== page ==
Ignorance is bliss. Or so it seems.
In the long road of learning the convoluted, yet at times transparently simple music industry, many roles and titles of people I've come across have been difficult to understand.
For example, a producer may be the person funding the project, but also the one pushing buttons and sliding faders on a mixing board. A producer may also be a songwriter or track composer. A songwriter may be a producer or even a sound engineer. A sound engineer may also be a producer. An A&R (Artists and Repertoire) at a label may be like a manager but not in the business sense. An A&R may be a producer and sound engineer at the same time. An A&R may also be a title given to the person who simply seeks out talent and hands them off to several other people who specialize in some aspect of developing that talent further. A road manager is different than a personal manager. A business manager is different than a career manager. A management company is different than a personal or business manager, although some aspects of a staffer in a management company may roll into personal management. In fact, a personal manager often takes on the role of a career manager, but in more of a day to day role than from the 30,000 foot view many managers handle.
In the simplest terms, the titles and roles of people in the music business often are confusing and not easy to define because each artist may be at a different level of development or success and thereby needing different levels of support. The problem with this is that to a newbie just getting their bearings straight about the music industry, it can be very annoying to sift through assumptions and expectations because of traditional definitions about roles and titles in the business.
Many, many people have crossed our path (mine and my son, Spencer Kane) the past three years in this journey. We've come to understand that the earth-shaking transition the music industry has faced the past five years alone has rendered several ex-executives and middle management people at well-established labels, management companies, former bands or artists themselves, distributors, and creative studios, unemployed. They are jobless with skills that seem to only fit their well-defined role just a few years earlier. These people are scrambling to earn a living just like anyone displaced in their job or industry. They're having to be creative to define a new income source from an industry that is full of parasites (sorry to be harsh, but it's true) looking to survive off the lifeblood of the next talent to take center stage. Much like any industry that is mature in its lifecycle, it must either evolve or die. So the veterans, too, must acquire new skills or networks for which they can resuscitate their careers.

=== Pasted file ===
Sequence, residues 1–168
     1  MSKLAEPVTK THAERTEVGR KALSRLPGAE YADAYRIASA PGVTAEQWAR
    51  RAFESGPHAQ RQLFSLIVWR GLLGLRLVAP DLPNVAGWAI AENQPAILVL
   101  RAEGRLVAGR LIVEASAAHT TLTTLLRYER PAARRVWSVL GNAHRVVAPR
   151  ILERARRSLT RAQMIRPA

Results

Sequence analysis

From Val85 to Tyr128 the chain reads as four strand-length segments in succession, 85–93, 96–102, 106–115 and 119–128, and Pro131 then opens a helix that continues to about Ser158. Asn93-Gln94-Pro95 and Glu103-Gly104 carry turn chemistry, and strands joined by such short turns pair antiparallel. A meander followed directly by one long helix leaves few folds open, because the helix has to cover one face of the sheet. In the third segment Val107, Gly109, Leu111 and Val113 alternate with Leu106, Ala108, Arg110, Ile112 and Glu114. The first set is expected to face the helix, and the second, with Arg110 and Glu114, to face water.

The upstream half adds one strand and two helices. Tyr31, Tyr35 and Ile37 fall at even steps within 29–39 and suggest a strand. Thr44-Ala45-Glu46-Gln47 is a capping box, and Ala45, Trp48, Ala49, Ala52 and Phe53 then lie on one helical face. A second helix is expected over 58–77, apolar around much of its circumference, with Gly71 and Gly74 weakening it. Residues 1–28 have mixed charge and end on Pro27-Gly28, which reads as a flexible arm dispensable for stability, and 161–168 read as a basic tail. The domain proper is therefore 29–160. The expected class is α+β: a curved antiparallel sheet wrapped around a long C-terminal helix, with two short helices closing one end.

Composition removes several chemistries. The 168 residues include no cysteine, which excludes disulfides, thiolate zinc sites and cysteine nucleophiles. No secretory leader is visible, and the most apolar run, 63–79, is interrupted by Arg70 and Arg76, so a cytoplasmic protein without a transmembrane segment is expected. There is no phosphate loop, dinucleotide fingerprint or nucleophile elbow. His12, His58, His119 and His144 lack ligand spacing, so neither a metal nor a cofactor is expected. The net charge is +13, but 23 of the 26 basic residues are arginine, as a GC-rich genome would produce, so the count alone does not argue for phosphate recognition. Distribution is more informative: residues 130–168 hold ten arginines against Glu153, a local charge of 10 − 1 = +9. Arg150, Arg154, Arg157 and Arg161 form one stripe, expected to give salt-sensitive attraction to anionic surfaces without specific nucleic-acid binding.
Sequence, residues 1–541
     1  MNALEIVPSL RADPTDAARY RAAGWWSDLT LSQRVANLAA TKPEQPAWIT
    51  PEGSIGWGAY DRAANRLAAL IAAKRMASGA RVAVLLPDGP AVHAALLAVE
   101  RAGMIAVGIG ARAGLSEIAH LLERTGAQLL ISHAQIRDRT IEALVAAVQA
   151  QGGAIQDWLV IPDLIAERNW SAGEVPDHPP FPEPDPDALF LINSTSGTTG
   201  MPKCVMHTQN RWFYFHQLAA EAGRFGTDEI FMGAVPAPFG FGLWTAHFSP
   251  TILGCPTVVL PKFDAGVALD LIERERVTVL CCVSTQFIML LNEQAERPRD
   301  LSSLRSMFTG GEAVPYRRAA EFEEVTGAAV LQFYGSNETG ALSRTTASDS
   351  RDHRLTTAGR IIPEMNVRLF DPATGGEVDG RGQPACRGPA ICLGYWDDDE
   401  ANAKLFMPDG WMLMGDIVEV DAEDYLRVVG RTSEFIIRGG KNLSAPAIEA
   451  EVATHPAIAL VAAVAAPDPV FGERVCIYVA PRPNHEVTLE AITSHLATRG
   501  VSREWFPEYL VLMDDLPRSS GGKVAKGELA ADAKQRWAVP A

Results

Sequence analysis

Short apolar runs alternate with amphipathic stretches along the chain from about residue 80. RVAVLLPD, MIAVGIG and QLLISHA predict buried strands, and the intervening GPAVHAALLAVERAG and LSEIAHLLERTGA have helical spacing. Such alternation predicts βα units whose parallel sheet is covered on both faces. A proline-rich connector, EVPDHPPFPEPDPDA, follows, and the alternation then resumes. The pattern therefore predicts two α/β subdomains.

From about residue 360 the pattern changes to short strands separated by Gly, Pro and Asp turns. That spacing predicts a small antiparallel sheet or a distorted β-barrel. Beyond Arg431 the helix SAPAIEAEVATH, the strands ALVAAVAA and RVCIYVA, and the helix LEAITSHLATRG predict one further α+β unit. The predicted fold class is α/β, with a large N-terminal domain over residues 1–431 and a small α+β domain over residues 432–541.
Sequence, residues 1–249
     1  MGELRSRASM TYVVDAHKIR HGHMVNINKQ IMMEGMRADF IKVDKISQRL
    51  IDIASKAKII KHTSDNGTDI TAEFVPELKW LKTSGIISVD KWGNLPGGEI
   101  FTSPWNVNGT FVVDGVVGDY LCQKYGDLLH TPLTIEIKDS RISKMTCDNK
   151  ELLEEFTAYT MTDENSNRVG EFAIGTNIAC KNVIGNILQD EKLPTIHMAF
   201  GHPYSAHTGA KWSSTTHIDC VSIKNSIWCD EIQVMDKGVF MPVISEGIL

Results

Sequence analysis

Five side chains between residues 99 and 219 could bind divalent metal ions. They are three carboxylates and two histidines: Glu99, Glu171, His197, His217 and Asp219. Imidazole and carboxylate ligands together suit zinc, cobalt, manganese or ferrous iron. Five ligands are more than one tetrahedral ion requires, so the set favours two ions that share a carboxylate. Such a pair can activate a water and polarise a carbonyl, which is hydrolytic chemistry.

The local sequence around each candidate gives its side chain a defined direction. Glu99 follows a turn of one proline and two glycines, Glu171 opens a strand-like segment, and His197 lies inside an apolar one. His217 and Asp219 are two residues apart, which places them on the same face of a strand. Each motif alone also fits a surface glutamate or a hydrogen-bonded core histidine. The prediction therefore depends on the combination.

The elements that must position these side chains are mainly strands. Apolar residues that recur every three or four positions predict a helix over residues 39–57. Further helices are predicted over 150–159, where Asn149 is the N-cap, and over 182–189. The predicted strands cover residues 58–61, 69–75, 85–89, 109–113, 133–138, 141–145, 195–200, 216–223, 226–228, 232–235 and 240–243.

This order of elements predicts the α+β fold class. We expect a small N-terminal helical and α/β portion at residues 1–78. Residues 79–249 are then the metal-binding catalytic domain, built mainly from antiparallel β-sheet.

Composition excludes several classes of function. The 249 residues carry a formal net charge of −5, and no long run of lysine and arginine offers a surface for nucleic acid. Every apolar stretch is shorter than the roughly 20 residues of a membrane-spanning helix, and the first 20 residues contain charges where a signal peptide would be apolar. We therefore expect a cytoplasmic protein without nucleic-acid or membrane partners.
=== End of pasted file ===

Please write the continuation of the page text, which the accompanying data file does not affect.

The single greatest contributor to the unemployment line seems, to me, to be the label companies. Once held as GOD in this industry, labels have found that artists and creative types don't always need their official sanctioning. While indie artists and labels exist on nearly every corner of the music business map, the power the larger labels once had has been diminished greatly because of the change in how consumers purchase music. Digital streaming and downloadable music has seriously destroyed a chunk of revenue for labels and has greatly removed their need for large staffs of neatly defined roles and titles. The castoffs of these labels spend a huge amount of time trying to rebuild a dream they once had in becoming the top 'dawg' in their area of expertise, or they now cunningly parade themselves as an expert in an area of the business they knew about, but weren't previously qualified to hold a title in. They have become jacks-of-all-trades in order to survive. They know just enough about different pieces of the business to sound intelligent to a naive listener, but receive eyerolls from those who really know.
I can't count how many times I've listened to former executives and producers all bash one another. Some have even managed to craftily insult the other behind their back and in my presence while I just stare in disbelief. The egos at play are unbelievably ginormous, and posturing to inflate one's self worth in the scheme of the industry seems to be the norm. Some downplay titles and choose to, rather, brag about their impressive network of influence or relationships. Sadly, just because you met a successful member of the industry one time 12 years ago doesn't mean you're networked. Many trumpet their accolades like they mean something when even the most prolific artists and long-standing veterans know full well that yesterday's trophy doesn't mean today's revenue. It's a game of reputation-chess that is skillfully played at many levels and woefully lost by many.
From my standpoint, this education is revealing a lot about why this industry is so difficult to navigate. It's just hard to know who to trust and who to believe at any given time. It's hard to maneuver the personalities.
Those immersed in the business for any substantial time have learned the cleverness of what I like to call "sincere lip service." OK. So it's not a real cliche, but it should be. They are professional flatterers who present grandiose dreams to anyone who will listen, especially the inexperienced newbies to the industry. Imagine a James Cagney-like persona staring off into the horizon and shifting his hand back and forth while reciting, "I can see it now, your name in lights on the marquee." On the other hand, they are professional schmoozers who know how to stroke the egos around them to get an opportunity. It may sound disconcerting to some, but it's the way things get done.
Recently, I spoke at length with an industry veteran producer who has been with the best of the best artists and musicians in studios around the world making records that have sold in the tens of millions. I won't mention his name because he has confided a great deal in me to help me understand some things that happen behind closed doors at the highest levels. He has basically pulled away the blinders of how (as he puts it) the hustle in the game really works. He confirmed many of my suspicions but also unearthed some truth that still has my shaking my head. Hearing him repeat, "It's all a hustle, Patrick", is both peaceful and frightening at the same time. It was as if he had camera monitors observing our last three year's of a journey with Spencer's career. It was actually embarrassing when he cited situations I've been sucked into because of the hype or promise of a pot-of-gold result. It's vanity driven at every level and title in the business, including the artist. So, in one sense, it's nothing I hadn't heard or perceived already, but it's everything I hoped I'd never get sucked into because of naiveté.